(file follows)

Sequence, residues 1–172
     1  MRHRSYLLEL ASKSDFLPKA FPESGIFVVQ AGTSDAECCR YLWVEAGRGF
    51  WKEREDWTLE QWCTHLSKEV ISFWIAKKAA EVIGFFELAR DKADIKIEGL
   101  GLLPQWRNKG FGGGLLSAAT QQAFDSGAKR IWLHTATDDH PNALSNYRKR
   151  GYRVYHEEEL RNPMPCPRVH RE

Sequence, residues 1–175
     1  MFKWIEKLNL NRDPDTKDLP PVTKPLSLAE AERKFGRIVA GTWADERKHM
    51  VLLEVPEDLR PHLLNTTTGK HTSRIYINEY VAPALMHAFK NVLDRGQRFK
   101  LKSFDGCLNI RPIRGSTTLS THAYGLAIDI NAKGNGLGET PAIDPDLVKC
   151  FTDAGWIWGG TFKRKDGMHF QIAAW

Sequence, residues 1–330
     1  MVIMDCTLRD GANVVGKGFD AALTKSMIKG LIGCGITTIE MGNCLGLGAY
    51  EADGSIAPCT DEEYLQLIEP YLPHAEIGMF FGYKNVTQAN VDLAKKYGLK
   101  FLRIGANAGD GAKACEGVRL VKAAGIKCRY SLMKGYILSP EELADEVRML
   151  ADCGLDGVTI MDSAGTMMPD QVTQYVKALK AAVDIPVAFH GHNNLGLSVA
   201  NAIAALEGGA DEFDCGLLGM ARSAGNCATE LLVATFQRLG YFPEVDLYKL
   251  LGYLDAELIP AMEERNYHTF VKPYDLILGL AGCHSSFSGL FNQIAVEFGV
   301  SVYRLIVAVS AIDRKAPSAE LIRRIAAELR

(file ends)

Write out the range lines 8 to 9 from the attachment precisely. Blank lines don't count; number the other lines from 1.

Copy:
    51  VLLEVPEDLR PHLLNTTTGK HTSRIYINEY VAPALMHAFK NVLDRGQRFK
   101  LKSFDGCLNI RPIRGSTTLS THAYGLAIDI NAKGNGLGET PAIDPDLVKC